“Our ‘atok’ is hard-hearted. Those who dream of (Anwar) becoming prime minister will be disappointed,” he added.

Losing Rantau won’t hurt Anwar’s chance to be PM

Anwar Ibrahim’s chances to become prime minister would not be affected if PKR loses the Rantau by-election, said Umno acting president Mohamad Hasan.

“The issue of Anwar’s chances becoming slim (if PKR loses) doesn’t arise,” Mohamad said at a press conference in Rantau today.

He said Prime Minister Dr Mahathir Mohamad has stressed that Anwar would succeed him.

“It’s just that we don’t know when (Mahathir) will step down,” Mohamad (photo) added.

Don’t taint UMNO with 1MDb (Nov 2018)

“Umno as a party is not guilty and has no­­thing to do with the 1MDB operations and transactions. It is unfair to blame Umno for something it does not know about and that it has not done.

“Umno and I sympathise with Najib and we leave it to the authorities to manage and judge it according to the constitution,” added Mohamad.

Tok Mat says theft allegations all lies

Umno acting president Mohamad Hasan says the accusations of theft and embezzlement related to 1MDB against Najib Razak are baseless, and challenges the authorities to bring solid proof that could put the former leader behind bars.

But Mohamad added that 10 months after the change of government, Najib is still free despite repeated references to the 1MDB scandal by Pakatan Harapan (PH) politicians.

“In Parliament, it is always about 1MDB,” Mohamad, better known as Tok Mat, told a late-night ceramah in Kampung Sendayan, Rantau, where he is trying to retain the state seat for Barisan Nasional after his default win was nullified by the election court last year.

He said Najib has yet to be found guilty in the 1MDB scandal, adding that the fact that Najib is still free shows that the allegations against him “are all lies and slander”.

It seems a politician can say anything with no reference to truth in Malaysia, and still remain the favorite candidate to win the Rantau by-election.

How much we need to pray for our nation.

The emasculated academic

By Tajuddin Rasdi

Daim Zainuddin recently made two important points in his speech at Universiti Teknologi Malaysia in Skudai.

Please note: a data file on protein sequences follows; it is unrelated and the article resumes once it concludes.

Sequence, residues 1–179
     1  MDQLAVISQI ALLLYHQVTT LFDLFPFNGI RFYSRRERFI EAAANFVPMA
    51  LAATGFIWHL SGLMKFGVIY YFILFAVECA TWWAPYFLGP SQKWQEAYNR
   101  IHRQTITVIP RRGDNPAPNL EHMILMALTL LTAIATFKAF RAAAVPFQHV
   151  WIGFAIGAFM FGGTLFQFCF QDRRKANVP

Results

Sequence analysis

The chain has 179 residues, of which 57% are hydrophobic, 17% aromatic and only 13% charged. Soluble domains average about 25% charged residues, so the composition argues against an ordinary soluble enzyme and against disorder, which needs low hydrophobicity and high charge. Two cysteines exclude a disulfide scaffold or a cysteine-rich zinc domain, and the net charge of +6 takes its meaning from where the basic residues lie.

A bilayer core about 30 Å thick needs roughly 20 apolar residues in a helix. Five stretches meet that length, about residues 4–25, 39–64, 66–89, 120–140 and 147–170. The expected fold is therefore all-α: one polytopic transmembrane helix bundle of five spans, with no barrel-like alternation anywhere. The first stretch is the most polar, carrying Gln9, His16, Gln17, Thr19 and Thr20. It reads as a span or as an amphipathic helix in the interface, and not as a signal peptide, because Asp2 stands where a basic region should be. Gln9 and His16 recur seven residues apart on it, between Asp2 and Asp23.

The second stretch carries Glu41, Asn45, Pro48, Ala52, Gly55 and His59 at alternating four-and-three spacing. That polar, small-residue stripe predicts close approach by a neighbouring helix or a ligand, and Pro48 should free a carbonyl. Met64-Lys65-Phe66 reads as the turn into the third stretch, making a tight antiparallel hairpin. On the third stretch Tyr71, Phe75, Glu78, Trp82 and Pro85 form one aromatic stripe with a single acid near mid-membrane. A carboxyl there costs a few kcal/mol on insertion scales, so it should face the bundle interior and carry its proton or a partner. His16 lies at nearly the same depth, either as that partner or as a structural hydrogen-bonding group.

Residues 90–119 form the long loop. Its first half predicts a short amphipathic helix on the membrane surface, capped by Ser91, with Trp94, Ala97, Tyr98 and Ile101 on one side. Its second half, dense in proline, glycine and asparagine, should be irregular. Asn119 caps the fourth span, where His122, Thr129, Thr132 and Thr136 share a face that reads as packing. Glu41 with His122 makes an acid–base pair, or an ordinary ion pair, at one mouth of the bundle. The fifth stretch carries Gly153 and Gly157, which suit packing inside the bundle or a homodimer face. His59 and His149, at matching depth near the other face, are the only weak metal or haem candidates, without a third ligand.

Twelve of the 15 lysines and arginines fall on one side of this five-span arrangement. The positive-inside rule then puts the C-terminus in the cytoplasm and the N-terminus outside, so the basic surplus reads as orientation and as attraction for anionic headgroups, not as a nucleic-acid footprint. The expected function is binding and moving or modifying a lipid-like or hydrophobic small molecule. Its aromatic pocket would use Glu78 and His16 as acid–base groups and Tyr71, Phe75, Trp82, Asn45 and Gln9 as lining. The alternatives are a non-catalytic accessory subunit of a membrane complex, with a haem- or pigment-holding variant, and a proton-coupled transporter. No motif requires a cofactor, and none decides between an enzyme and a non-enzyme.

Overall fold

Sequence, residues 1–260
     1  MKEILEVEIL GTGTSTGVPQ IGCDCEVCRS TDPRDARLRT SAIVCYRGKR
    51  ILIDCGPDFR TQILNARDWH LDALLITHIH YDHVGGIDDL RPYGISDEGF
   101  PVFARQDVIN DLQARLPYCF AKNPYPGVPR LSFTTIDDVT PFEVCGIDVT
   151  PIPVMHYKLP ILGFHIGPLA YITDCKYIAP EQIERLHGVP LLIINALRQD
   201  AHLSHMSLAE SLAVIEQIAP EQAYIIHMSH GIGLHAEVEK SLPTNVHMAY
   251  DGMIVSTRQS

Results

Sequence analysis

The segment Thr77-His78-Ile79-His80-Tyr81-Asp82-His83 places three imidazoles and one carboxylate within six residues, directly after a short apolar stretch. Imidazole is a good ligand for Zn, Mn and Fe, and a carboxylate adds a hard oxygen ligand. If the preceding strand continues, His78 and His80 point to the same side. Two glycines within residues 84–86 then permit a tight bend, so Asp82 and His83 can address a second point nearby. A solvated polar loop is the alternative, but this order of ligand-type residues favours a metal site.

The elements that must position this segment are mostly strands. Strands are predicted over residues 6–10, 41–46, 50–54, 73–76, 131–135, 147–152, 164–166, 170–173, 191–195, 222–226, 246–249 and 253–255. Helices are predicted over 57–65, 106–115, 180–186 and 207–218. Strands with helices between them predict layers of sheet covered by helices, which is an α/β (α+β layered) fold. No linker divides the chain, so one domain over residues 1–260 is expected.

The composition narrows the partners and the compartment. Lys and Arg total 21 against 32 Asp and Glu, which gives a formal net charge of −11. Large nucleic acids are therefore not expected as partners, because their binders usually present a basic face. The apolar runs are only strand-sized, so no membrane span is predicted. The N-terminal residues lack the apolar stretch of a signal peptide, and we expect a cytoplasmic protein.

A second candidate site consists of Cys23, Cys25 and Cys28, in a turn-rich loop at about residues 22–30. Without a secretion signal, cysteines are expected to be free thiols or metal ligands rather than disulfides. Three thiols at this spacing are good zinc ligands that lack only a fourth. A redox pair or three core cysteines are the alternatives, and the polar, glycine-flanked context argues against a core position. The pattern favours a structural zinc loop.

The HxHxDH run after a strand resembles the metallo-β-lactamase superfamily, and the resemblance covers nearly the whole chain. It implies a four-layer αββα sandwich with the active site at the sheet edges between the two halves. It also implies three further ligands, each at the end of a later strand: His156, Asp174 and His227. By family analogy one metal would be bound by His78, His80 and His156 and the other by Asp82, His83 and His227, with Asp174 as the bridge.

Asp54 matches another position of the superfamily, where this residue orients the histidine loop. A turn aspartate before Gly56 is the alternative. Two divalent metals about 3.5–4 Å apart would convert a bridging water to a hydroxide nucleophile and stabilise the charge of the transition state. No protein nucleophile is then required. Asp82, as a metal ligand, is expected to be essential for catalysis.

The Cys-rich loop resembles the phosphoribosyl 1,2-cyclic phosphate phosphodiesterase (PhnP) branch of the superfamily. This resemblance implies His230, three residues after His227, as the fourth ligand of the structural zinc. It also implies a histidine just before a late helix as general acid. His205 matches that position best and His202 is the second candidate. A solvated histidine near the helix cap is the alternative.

Firstly, he said the Malays are being fed a narrative bordering on the idea that their race and Islam are both under threat, and that more affirmative policies will be needed in the new Pakatan Harapan government in the coming years and decades.

Secondly, and this is the main point of my article, he said Malay academics appear to be doing nothing at all but are letting this narrative play out to the opportunism of certain political parties and selfish NGOs.

I have been writing to the media for 20 years, saying absolutely the same thing, but it has earned me a negative perception from the Malay establishment especially in the public universities and even the previous higher education ministry.

Daim’s statement came as a sweet surprise to me as he was never one of my favourite politicians.

I know him as a savvy businessman who grew up within the Malay patronage system. As the economic and corporate worlds are outside of my understanding, I have shied away from trying to know anything about the man himself.

But a few days ago, I was surprised to find him articulating a historical, religious and political construct of what I consider a “Malaysia-Malay construct” as opposed to what I term a “Melayu-Malaysia” one.

A Malaysia-Malay construct is simply a Malay who understands his or her own heritage and faith within a Malaysian constitutional, multi-religious and multi-ethnic acceptance of co-existence, while a Melayu-Malaysia construct is a Malay who is just a Malay, then, now and forever, living in a land geopolitically defined as “Malaysia”. No compromise, no apologies.

The Melayu-Malaysia expects others to change for the sake of his race and faith, without the need to understand, tolerate or even acknowledge the importance of the existence of others as partners in nation-building.

The academics of this country have become purely self-serving and disinterested in nation-building.

The story of a disinterested academia began in the 1980s.

The Universities and University Colleges Act, or UUCA, was instituted to kill off or control student political activities and also that of the academics.

Under UUCA, no academic can speak or write to the media or the public without getting permission from the authorities. That basically sums it up.

A few academics were charged under the act, one of them the late Fadzil Noor who was the PAS president and an academic at a public university.